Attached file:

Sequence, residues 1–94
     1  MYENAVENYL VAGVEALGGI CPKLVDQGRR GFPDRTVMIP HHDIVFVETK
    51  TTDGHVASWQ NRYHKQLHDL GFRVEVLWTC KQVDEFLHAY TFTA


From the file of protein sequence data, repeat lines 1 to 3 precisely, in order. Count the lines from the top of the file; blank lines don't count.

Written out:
Sequence, residues 1–94
     1  MYENAVENYL VAGVEALGGI CPKLVDQGRR GFPDRTVMIP HHDIVFVETK
    51  TTDGHVASWQ NRYHKQLHDL GFRVEVLWTC KQVDEFLHAY TFTA